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Postnet

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Title: Postnet  
Author: World Heritage Encyclopedia
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Subject: Two-out-of-five code, Mail, Intelligent Mail barcode, Postal Alpha Numeric Encoding Technique, Facing Identification Mark
Collection: Barcodes, Identifiers, United States Postal Service, Zip Code
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Postnet

Value Encoding
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0

POSTNET (Postal Numeric Encoding Technique) is a barcode symbology used by the United States Postal Service to assist in directing mail. The ZIP Code or ZIP+4 code is encoded in half- and full-height bars.[1] Most often, the delivery point is added, usually being the last two digits of the address or PO box number.

The barcode starts and ends with a full bar (often called a guard rail or frame bar and represented as the letter "S" in one version of the USPS TrueType Font) and has a check digit after the ZIP, ZIP+4, or delivery point. The encoding table is shown on the right.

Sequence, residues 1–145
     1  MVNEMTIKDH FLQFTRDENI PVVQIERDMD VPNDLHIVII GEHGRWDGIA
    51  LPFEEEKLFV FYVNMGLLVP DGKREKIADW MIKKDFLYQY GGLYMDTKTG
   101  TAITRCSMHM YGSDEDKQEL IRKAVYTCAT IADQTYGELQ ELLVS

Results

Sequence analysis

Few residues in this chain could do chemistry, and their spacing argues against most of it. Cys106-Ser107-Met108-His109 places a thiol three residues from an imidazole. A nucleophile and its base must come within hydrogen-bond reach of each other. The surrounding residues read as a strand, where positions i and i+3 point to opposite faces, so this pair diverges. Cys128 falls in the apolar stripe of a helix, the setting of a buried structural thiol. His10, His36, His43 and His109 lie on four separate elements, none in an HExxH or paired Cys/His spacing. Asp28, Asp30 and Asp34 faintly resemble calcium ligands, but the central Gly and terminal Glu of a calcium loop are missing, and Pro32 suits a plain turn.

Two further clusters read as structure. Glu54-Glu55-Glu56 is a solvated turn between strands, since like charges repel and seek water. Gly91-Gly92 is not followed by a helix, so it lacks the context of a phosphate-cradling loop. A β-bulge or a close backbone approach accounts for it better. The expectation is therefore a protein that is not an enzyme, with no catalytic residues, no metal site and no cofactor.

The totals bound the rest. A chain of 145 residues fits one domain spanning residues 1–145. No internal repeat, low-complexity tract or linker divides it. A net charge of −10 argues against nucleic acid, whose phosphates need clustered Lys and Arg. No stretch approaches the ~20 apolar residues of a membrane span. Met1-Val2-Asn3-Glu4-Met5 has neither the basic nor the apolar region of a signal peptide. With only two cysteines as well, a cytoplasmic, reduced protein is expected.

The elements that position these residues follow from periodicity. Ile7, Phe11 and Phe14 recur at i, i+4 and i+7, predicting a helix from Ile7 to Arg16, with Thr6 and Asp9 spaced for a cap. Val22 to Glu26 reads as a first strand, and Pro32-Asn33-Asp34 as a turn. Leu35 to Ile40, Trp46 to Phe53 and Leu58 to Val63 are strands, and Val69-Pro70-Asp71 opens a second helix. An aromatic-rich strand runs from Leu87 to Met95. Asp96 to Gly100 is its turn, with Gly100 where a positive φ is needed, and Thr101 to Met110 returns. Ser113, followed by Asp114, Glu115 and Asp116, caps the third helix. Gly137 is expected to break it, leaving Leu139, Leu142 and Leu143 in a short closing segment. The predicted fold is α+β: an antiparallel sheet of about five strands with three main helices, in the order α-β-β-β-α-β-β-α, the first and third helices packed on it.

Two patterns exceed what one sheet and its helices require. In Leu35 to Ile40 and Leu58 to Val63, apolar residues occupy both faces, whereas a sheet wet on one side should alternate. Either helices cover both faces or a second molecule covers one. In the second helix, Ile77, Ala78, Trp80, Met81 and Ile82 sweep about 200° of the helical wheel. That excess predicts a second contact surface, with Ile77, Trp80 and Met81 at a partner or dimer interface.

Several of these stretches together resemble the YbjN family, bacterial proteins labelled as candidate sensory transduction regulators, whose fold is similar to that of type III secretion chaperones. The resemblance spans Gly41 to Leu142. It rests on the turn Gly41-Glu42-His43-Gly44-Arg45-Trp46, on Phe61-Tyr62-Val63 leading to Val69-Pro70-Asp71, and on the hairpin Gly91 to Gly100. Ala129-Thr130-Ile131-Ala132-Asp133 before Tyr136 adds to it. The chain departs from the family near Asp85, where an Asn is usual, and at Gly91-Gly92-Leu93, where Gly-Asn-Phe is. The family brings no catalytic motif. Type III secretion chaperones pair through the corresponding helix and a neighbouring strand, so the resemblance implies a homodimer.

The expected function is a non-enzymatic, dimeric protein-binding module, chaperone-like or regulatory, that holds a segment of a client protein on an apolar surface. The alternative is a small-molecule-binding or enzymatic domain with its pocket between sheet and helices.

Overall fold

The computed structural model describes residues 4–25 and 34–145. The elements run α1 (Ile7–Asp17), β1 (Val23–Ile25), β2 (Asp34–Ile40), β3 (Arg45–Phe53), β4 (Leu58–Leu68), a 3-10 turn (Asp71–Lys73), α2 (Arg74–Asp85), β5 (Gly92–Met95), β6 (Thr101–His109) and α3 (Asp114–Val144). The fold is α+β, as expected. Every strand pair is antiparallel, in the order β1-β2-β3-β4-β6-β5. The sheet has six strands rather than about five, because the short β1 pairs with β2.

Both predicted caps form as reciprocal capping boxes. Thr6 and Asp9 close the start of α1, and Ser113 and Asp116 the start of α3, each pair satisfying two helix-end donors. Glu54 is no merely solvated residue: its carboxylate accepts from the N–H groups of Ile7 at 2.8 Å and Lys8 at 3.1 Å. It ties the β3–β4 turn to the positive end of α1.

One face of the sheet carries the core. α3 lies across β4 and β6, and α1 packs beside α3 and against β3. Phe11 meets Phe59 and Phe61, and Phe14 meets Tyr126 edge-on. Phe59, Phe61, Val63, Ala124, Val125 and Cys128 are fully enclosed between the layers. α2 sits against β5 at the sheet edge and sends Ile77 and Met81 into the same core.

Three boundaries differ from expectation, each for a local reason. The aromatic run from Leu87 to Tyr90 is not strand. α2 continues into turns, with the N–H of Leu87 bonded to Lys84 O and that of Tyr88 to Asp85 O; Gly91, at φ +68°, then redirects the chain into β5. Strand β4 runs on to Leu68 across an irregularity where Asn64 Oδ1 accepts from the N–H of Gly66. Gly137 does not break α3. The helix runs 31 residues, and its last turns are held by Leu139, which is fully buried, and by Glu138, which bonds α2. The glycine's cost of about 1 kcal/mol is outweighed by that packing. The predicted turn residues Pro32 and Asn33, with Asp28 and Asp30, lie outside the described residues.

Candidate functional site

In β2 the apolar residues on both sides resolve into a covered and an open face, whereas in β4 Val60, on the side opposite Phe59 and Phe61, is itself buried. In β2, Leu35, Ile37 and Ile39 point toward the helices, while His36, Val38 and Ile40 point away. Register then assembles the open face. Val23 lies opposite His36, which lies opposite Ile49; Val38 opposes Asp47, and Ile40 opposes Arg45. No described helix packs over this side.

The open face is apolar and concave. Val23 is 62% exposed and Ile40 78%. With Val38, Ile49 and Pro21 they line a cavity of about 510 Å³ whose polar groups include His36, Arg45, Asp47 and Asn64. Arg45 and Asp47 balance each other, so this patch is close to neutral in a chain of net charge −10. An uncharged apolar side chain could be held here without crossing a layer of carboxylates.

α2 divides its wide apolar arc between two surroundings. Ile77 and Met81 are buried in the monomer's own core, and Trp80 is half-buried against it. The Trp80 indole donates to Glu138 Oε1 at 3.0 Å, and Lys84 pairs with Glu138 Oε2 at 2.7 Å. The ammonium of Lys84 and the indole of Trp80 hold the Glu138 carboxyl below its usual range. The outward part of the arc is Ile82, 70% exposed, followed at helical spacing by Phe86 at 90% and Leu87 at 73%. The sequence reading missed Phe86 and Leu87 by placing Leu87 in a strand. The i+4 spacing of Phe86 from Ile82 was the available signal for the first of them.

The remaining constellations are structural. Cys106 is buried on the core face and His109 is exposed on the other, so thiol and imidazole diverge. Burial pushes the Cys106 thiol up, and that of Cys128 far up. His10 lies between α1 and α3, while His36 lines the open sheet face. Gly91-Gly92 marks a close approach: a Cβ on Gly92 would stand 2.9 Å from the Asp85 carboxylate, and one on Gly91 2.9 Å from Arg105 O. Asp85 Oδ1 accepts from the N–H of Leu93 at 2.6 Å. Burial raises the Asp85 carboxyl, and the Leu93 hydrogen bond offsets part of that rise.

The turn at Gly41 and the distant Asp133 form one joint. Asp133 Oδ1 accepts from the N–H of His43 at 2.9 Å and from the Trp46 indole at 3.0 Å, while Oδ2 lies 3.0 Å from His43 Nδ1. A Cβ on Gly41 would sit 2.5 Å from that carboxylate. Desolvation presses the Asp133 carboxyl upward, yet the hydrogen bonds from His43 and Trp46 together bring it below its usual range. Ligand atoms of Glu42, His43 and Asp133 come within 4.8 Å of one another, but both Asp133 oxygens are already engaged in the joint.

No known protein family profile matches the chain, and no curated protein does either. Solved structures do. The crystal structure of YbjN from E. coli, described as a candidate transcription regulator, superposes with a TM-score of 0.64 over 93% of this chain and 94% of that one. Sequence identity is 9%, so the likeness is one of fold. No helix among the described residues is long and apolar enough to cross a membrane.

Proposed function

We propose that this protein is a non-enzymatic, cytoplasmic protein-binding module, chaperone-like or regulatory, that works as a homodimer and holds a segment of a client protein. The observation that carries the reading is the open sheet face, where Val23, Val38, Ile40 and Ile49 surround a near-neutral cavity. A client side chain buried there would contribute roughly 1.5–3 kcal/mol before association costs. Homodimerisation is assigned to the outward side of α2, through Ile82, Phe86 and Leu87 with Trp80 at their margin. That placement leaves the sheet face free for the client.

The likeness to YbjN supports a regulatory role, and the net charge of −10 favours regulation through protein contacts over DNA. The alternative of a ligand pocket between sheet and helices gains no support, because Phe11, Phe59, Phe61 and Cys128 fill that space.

Each individual digit is represented by a set of five bars, two of which are full bars (i.e. two-out-of-five code). The full bars represent "on" bits in a pseudo-binary code in which the places represent, from left to right: 7, 4, 2, 1, and 0. (Though in this scheme, zero is encoded as 11 in decimal, or in POSTNET "binary" as 11000.)

Contents

  • Encoding 1
    • Example 1.1
  • Barcode formats 2
  • Discontinuation 3
  • Checkdigit algorithm 4
  • See also 5
  • References 6

Encoding

San Bernardino USPS facility with valid and correct barcode on building

The following table shows the encoding for decimal digits:

Digit 7 4 2 1 0 Barcode
0 1 1 0 0 0
1 0 0 0 1 1
2 0 0 1 0 1
3 0 0 1 1 0
4 0 1 0 0 1
5 0 1 0 1 0
6 0 1 1 0 0
7 1 0 0 0 1
8 1 0 0 1 0
9 1 0 1 0 0
Start/Stop − − − − 1

Example

The ZIP+4 of 55555-1237 yields a check digit of 2 for encoded data of 5555512372